The family contacted then Greek Cypriot Communist Party (AKEL) leader Demetris Christofias, who personally guaranteed left-wing Turkish Cypriot President Mehmet Ali Talat that Stephanos Stephanou would return to northern Cyprus for his trial, but Christofias could not win Stephanou's release.

The family asked Stephanou's DIKO Party comrade, then Greek Cypriot President Tassos Papadopoulos, for help. Apparently, he then put his aide, peace envoy Tasos Tzonis on the case, but nothing happened.

When the family went to the Greek Cypriot police, they found out that the Cyprus Police had known and contacted the United Nations Force In Cyprus (UNFICYP) about Stephanou's detention on the 18th of October (Christou, 2007d).

Thus, it is inconceivable that the Greek Cypriot leadership did not also already know about the former politician and former consul’s detention when the family asked for its help.

If the Greek Cypriot government or police did try to secure Stephanou's release, it did it very quietly, and equally unsuccessfully. As a member of his family commented, '[e]veryone knew and they did nothing, but they'll say they tried' (Christou, 2008).

Death

Heart disease sufferer Stephanou had to be taken to hospital at least twice during his detention, and he may have been taken for treatment for violent injuries.

The last time his family saw him conscious, Stephanou had told them that 'his entire left side was severely bruised and he could neither walk nor breathe in comfort.... [H]e was in great pain' (Christou, 2007d).

His daughter, Katerina Liasis, relayed that Stephanou had said that 'he had been "beaten heavily and interrogated"' (Brennan, 2008).(11)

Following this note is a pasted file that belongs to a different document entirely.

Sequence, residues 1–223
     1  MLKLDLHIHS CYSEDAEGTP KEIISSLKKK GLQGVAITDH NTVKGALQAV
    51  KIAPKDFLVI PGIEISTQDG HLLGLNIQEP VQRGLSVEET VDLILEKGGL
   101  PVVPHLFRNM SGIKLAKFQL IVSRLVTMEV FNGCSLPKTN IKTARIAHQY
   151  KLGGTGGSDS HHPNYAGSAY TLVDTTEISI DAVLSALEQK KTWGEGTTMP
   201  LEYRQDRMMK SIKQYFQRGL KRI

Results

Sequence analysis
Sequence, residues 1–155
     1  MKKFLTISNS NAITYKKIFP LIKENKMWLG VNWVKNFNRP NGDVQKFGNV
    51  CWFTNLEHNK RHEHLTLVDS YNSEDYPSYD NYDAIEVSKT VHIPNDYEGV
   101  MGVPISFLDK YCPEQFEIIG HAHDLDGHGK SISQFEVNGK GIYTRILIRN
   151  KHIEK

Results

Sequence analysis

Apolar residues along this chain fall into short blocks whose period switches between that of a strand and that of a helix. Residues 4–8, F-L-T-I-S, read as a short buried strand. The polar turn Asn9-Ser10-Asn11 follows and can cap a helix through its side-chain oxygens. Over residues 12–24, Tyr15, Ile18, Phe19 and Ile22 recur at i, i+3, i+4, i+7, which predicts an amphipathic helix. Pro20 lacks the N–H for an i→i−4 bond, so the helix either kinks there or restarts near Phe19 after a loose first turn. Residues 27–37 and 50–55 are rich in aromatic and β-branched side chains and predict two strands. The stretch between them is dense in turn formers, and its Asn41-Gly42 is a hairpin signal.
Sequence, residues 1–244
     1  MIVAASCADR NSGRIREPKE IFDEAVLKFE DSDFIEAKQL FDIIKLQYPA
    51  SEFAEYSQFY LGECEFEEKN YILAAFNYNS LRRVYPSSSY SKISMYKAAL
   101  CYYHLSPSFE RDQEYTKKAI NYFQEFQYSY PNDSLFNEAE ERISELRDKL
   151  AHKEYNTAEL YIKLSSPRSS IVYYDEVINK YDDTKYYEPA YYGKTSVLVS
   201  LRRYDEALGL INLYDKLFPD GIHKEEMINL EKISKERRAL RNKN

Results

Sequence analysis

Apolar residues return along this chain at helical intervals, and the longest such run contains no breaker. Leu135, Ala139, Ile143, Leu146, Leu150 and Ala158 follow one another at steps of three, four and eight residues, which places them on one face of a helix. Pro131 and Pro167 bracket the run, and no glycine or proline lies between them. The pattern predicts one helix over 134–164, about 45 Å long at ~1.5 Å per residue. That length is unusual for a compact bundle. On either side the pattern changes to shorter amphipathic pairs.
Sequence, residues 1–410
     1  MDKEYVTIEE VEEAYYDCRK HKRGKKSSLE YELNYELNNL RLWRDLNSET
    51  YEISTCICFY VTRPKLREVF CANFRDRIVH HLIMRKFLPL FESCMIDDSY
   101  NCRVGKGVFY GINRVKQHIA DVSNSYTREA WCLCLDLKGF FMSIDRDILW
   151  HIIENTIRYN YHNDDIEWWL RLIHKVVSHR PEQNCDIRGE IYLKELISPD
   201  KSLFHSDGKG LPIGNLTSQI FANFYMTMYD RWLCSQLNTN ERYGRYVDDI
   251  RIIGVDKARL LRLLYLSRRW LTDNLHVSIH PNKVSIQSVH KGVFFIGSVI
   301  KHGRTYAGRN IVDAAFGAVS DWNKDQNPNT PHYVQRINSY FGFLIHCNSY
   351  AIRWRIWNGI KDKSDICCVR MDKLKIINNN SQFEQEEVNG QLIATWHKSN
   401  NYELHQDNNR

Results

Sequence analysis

After he slipped into a coma, the family tried to get him to a specialist in southern Cyprus, but the Turkish Cypriot police first refused, then agreed but, 'as soon as the okay was given', the Turkish Cypriot Ministry of the Interior told the family that Stephanou had died (Christou, 2007d).

Denial

After the initial police raid, both communities' media had reported that a Greek Cypriot had been arrested, but not whom or why (Christou, 2007a); and according to Cyprus Mail journalist Jean Christou, even that had not been widely reported in Greek Cypriot media.

Christou (2007c) noted that there had been 'no comment from the [Greek Cypriot] government, a silence that has surprised observers given that... a Greek Cypriot died in Turkish Cypriot custody.... [H]is detention received no attention or condemnation in the government-controlled areas'.

Christou (2007d) believed that Greek Cypriot officialdom had been 'strangely quiet'. Neither the government nor the police even told the family about the official inquest (Christou, 2008); they found out by accident.

Illicit antiquities trade, illicit antiquities police work

Greek Cypriot media had claimed that Stephanou was an antiquities expert (Christou, 2007d), 'retrieving icons and other artefacts looted' in northern Cyprus (Christou, 2007b).

(Greek Cypriot) Antenna TV reported that a former police officer, who had recruited Stephanou 'to help return stolen Greek Cypriot artefacts to the Church', said that he 'was working under cover for the state' (cited by Christou, 2007c).